Govt should show contrition to ease demonetisation woes
Since November 8, however, the solid RBI’s eye on India’s currency has created turmoil across the length and breadth of the country because of the demonetisation of Rs500 and Rs1,000 currency notes.mumbai Updated: Nov 25, 2016 01:19 IST
Of all the financial buildings headquartered in Mumbai, the Reserve Bank of India at Ballard Estate’s Mint Street is perhaps unique: not so much for its architecture as for what it represents.
The RBI edifice stands tall and aloof, indifferent to the everyday bustle of the city. Thousands go past it every day, barely paying attention, secure in the knowledge that the institution is keeping the nation’s money safe.
The Preamble of the Reserve Bank of India lists among its purposes, “...to regulate the issue of Bank Notes and keeping of reserves with a view to securing monetary stability in India and generally to operate the currency and credit system of the country to its advantage.”
Since November 8, however, the solid RBI’s eye on India’s currency has created turmoil across the length and breadth of the country because of the demonetisation of Rs500 and Rs1,000 currency notes.
The city’s other big financial institution Dalal Street does not seem happy too. The Sensex and Nifty have both been slumping for over a week. Moreover, those who forecast economic trends are sounding bearish.
Even a city like Mumbai – richer than most, cosmopolitan, up-to-date and consumerism-driven -- finds itself faltering, more than a fortnight later. Lines at ATMs and banks have reduced somewhat, but this seems more because of fatigue and frustration than relief.
Supply of usable currency of the right denomination for everyday functions remains very limited. This has had a cascading effect down the buying and spending chains, the repercussions of which are only just beginning to show.
Inevitably, this is being exploited politically at the national level. Most opposition parties are in uproar. On Thursday, former Prime Minister Manmohan Singh emerged from the woodwork to launch a scathing attack on the government in the debate in Rajya Sabha.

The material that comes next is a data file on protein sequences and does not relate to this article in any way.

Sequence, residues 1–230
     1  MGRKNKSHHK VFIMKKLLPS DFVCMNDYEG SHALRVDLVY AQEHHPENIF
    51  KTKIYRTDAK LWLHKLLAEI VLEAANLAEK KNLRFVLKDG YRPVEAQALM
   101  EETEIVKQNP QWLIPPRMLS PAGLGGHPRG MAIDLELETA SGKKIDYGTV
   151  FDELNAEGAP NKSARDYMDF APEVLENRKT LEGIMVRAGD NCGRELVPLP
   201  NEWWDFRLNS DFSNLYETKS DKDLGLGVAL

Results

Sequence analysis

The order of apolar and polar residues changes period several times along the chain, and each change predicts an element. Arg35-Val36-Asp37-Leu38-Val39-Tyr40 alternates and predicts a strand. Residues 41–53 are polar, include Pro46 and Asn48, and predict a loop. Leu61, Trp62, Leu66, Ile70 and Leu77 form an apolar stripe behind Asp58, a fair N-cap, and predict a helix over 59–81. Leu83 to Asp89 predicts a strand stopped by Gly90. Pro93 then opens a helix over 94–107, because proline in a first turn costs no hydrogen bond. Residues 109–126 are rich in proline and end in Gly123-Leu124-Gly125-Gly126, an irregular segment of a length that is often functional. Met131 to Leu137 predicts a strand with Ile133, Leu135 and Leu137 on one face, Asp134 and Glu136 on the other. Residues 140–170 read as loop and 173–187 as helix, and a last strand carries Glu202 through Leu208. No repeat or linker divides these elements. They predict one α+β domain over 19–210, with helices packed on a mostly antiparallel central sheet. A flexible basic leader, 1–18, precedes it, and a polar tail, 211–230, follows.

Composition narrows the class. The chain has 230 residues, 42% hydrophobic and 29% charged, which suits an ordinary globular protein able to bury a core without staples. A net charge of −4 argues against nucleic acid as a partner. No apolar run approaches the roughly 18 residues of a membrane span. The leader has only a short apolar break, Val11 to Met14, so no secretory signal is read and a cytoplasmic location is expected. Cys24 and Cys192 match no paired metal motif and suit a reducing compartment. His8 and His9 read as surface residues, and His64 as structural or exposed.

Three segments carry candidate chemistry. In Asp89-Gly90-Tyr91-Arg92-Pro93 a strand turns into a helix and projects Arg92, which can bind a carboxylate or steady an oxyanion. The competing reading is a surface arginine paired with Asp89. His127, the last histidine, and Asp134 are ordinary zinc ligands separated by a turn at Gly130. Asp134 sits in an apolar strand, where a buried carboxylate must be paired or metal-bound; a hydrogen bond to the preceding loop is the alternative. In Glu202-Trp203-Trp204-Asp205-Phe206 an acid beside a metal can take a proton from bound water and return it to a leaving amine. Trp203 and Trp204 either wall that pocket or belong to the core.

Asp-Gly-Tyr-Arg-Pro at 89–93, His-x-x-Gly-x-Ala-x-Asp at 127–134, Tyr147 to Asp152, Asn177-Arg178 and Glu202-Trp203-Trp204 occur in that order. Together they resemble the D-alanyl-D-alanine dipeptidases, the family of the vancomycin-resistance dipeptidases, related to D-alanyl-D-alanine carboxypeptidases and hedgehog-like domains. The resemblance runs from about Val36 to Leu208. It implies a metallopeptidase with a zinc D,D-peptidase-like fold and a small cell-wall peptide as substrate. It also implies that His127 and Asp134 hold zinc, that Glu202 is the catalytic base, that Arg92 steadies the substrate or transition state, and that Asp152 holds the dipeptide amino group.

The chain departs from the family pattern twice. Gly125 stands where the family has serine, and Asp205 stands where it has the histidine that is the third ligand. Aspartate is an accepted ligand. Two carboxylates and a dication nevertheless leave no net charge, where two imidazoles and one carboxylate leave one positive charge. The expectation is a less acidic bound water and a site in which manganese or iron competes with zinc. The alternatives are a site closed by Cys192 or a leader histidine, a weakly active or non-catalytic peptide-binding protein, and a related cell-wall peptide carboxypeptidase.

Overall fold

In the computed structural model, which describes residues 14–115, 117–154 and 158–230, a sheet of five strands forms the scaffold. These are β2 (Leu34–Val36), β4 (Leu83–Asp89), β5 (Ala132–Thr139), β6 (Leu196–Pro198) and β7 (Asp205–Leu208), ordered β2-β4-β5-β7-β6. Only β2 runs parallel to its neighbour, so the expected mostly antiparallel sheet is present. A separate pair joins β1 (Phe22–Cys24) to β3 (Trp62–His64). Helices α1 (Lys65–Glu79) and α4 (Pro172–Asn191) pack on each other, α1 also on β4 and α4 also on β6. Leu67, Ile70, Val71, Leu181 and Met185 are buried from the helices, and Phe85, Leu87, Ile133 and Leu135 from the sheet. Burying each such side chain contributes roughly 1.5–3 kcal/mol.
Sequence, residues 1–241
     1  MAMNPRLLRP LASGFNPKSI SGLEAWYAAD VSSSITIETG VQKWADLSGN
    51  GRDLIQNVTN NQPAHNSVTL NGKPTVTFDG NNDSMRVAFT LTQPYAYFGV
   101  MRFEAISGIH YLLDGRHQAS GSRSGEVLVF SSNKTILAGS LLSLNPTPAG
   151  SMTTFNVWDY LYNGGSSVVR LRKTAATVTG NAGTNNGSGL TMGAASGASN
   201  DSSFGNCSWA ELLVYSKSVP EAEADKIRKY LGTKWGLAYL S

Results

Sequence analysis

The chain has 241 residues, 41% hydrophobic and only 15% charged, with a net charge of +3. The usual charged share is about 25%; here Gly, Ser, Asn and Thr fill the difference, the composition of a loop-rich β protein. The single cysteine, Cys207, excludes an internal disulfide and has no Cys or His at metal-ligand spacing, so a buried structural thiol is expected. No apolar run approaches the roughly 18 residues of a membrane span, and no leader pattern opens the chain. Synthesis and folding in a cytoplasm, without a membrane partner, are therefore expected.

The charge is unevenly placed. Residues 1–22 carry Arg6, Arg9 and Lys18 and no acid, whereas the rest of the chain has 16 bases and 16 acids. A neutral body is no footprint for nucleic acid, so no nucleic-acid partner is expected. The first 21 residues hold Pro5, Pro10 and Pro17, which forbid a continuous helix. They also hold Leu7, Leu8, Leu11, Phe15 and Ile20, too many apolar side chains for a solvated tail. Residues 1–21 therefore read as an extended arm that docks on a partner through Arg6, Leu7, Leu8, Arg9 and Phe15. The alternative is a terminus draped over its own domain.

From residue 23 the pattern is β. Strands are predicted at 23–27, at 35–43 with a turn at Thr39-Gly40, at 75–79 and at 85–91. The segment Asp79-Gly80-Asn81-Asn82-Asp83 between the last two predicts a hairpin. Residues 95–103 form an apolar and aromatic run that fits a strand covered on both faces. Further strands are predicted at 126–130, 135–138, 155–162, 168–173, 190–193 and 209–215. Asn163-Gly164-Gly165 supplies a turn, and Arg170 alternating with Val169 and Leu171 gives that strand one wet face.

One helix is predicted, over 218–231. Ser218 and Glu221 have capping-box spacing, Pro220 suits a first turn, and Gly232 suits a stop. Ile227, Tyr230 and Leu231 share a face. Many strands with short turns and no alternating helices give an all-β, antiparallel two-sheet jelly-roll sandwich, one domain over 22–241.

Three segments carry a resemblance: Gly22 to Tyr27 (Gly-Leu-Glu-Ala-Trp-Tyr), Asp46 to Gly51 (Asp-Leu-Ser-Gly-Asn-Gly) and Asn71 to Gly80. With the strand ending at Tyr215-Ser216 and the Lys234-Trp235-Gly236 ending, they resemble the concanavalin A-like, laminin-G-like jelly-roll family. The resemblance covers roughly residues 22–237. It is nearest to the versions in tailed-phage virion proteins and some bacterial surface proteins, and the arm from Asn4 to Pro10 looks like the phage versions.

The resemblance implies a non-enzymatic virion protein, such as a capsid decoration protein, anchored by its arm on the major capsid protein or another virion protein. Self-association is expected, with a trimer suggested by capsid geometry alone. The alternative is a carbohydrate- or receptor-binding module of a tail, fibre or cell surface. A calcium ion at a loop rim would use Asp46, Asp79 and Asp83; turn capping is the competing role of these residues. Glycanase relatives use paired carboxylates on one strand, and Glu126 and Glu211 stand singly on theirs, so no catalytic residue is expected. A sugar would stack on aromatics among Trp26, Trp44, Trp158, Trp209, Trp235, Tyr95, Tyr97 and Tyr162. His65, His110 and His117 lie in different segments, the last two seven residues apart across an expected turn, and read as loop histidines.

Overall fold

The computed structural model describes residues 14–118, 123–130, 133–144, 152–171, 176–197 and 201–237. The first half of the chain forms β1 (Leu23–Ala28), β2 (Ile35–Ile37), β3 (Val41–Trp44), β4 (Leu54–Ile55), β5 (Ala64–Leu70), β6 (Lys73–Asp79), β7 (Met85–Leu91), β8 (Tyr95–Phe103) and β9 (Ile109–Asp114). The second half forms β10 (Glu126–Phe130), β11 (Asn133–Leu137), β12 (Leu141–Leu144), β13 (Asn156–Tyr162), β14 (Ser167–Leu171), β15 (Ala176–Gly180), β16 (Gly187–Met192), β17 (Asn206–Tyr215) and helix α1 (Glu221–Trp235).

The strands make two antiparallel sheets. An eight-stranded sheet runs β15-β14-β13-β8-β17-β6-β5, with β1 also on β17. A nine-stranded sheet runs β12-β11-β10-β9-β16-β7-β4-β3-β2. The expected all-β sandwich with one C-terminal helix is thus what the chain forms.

In a dramatic switch from batting like stonewaller Trevor Bailey to playing ferocious attacking strokes a la Virender Sehwag, Manmohan Singh called the demonetisation scheme “organised loot” and “legalised plundering”.
Singh obviously represents his party’s political position, and the Congress’s credibility, it must be said, still hovers around shin level. But even so this was significant.
The former PM is also a world-renowned economist whose views are widely regarded and carry heft -- at home and internationally. This cannot be obscured by bluster and fulmination.
In my opinion, there are three inflection points in the impact demonetization has had. The first was shock and awe in people, at the suddenness of the scheme. This is something the government wanted.
The second was admiration and approval. The touted purpose of the scheme of the scheme and the sheer temerity to put it in motion was widely lauded. For the government this was a massive plus point.
But as days have passed and the pain of making the change hasn’t subsided, there is growing fatigue and skepticism about how well planned the demonetization scheme was: indeed, if at all.
Propagating findings from specious surveys on WhatsApp and high-fives from lapdogs in the media or lackeys elsewhere, either from conviction or otherwise, is beginning to wear thin. Clearly something more needs to be done.
The objective to flush out cash hoards of black money is above reproach. Not a single person would dispute this. It is a malaise that has dogged Indian life for decades and needs to be addressed.
But terrible implementation is taking its toll – materially and mentally. It is hitting people where it hurts most: for the poor and rural in their stomachs, and for a large number of others psychologically as they struggle to access their own money.
Somewhere the government is mixing up good intention with cussedness. Being contrite about goof-ups in planning for demonetization is not an affront to governance. Rather, it would be seen as empathetic to hardships of people, which is more important than political one-upmanship.
Prudence would suggest the government spell out how it plans to remove hurdles and pain caused. Simply saying, “bear with us, in the long run everything will be fine” is just not cutting ice.
Irrespective of whether one is clued into Keynesian theory, or heard Manmohan Singh quote the famous economist on Thursday, in their heart of hearts, everybody acknowledges the truism: In the long run we are all dead.